This is Diana Nyad for KCRW, and this is The Score.
The Paralysis Project of America just hosted their annual fundraiser, an evening here in Los Angeles whereby legends of sport are feted and brave individuals coping with spinal cord injuries talk about the hope of one day standing out of their chairs. A woman named Julie Alban, shot point-blank in the back by her boyfriend, a crime that severed her spinal cord, eloquently expressed the daily summoning of courage to focus on what she has, not what she's lost. The famous athletes in the room were duly humbled. Jose Santos, Kentucky Derby winner, rode more than 58,000 mounts in his career. He fell many a time, but the last one, breaking seven vertebrae, led his doctors to tell him that one more fall would no doubt result in paralysis. He retired early, filled with gratitude that this poor kid from the stables of Chile rode for the roses at the Derby, every jockey's dream. And paralysis, he said, is every jockey's potential nightmare. Superstar hoopster from Cal Berkeley and the Suns, Kevin Johnson, received the John Wooden Lifetime Achievement Award for the dramatic improvements he's made in his hometown community of Sacramento. KJ said the best coaching advice he ever had came from Coach Wooden who told him to live by two words only and all the rest would fall into place. The two words: Help Others.
So I'm keyed into all these moments of inspiration the other night when something turned my thoughts elsewhere. Former world champion boxer Ray 'Boom Boom' Mancini was introduced by an film montage of his career from the 80's. Boom Boom and his opponents produced spectacular theater in the ring. The jabs were sharp, the feet danced like Fred Astaire, the bodies were cut to precision from devoted training. I was transfixed by the Mancini clips and remembered how much I used to love boxing. Back in the day, I went to so many Hagler, Hearns, Sugar Ray Leonard, Frazier, Foreman, Ali, Holyfield, Tyson fights. The drama was palpable, the skill superlative, the heart undeniable. Boxing meant something to me. The great fights informed my love of sports. The death of the sweet science has created a gaping void in our culture at large. Perhaps ironically, once home from the dinner the other night, I sat down to watch Ukrainian Wladimir Klitshko go twelve deadly dull rounds of throwing nothing but distant left-handed jabs to beat Russian Sultan Ibragimov and unite the World Boxing Organization heavyweight title with the International Boxing Federation heavyweight title with the International Boxing Organization heavyweight title. No wonder the 14,000 disgruntled fans at Madison Square Garden booed throughout the fight. And, by the way, Klitshko won't really be the world champion until he beats the heavyweight from Kazakhstan who holds the World Boxing Council title AND the heavyweight from Uzbekistan who holds the World Boxing Association title. Are you kidding me?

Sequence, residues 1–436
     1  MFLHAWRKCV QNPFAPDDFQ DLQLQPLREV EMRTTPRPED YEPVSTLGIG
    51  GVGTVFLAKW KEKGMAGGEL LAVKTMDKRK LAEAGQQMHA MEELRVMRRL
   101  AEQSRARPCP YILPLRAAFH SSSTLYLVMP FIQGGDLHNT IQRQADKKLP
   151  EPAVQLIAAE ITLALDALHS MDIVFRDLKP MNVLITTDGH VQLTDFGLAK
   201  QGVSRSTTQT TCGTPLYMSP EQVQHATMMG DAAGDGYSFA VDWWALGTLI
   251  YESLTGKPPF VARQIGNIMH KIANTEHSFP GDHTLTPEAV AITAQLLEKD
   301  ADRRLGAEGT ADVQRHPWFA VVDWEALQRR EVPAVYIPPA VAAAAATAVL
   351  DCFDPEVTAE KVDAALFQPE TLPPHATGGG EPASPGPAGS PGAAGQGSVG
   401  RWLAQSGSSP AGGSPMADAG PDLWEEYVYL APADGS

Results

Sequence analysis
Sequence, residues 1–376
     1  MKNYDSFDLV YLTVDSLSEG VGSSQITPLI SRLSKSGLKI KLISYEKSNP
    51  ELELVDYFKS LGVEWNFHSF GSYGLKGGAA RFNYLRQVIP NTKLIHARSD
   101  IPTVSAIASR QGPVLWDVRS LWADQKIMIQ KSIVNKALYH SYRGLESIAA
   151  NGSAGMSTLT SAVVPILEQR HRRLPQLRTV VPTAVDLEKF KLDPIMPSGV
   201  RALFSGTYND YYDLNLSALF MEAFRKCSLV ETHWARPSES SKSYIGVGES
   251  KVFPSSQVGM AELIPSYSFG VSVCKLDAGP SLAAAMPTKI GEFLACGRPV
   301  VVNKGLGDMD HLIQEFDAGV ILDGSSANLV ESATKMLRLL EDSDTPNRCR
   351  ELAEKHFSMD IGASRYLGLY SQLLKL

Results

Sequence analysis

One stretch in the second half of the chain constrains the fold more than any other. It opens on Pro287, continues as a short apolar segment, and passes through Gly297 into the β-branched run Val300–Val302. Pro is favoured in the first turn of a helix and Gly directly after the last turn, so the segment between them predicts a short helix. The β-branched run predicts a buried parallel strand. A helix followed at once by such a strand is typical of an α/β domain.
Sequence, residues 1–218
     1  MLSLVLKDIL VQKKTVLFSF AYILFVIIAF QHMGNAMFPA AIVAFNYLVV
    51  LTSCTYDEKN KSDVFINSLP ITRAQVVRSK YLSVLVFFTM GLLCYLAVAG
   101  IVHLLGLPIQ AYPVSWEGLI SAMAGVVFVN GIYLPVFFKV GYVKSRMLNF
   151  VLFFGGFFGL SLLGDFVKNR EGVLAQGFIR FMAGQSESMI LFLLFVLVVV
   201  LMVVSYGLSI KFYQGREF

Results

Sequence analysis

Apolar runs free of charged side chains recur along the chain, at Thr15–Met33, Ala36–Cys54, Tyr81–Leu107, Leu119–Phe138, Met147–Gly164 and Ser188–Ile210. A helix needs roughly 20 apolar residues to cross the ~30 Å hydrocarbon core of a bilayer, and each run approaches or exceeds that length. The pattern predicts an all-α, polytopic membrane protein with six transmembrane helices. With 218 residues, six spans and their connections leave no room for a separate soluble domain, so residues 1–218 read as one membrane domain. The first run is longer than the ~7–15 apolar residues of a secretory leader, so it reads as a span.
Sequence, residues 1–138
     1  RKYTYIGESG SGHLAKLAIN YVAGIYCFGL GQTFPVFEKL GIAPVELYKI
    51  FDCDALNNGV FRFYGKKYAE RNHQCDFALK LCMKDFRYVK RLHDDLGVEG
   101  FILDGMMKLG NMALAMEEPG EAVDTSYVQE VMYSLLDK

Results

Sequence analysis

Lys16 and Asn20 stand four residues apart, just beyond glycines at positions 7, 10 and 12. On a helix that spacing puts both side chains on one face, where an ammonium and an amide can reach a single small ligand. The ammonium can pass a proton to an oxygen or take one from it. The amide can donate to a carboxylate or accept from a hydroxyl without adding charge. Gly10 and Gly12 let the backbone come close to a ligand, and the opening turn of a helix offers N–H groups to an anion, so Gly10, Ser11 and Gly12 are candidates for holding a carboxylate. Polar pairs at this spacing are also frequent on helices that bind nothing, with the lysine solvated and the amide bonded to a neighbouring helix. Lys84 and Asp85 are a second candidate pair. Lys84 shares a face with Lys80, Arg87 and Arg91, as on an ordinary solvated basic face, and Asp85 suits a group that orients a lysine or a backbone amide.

Right after the Klitshko embarrassment came the first airing of HBO's Joe Louis documentary. The real deal Louis made Klitshko seem all the more a fraud. The Louis era, when the heavyweight champion was a worldwide hero and traveling ambassador, cast a long shadow over today's era, when the heavyweight champ is utterly anonymous. Later in his career, saddled with hundreds of thousands of dollars of debt to the IRS, Louis was forced to resort to many money-making stunts, including professional wrestling. Think of the best pound-per-pound fighter in the world today, a fighter in his prime, hardly desperate for cash, Floyd Mayweather, who will stoop to cartoonery for $20 million on March 30 in Wrestlemania against a 7-foot 430-pound gulug named Big Show. Like I said, I used to love boxing. And, FYI, with all the impressive athletes the Paralysis Project of America honors each year, the only boxers invited are those of yesteryear.
This is Diana Nyad for KCRW, and that's The Score.
Greg Haugen (L) trades blows with Ray "Boom Boom" Mancini, April 3, 1992. Photo: Otto Greule Jr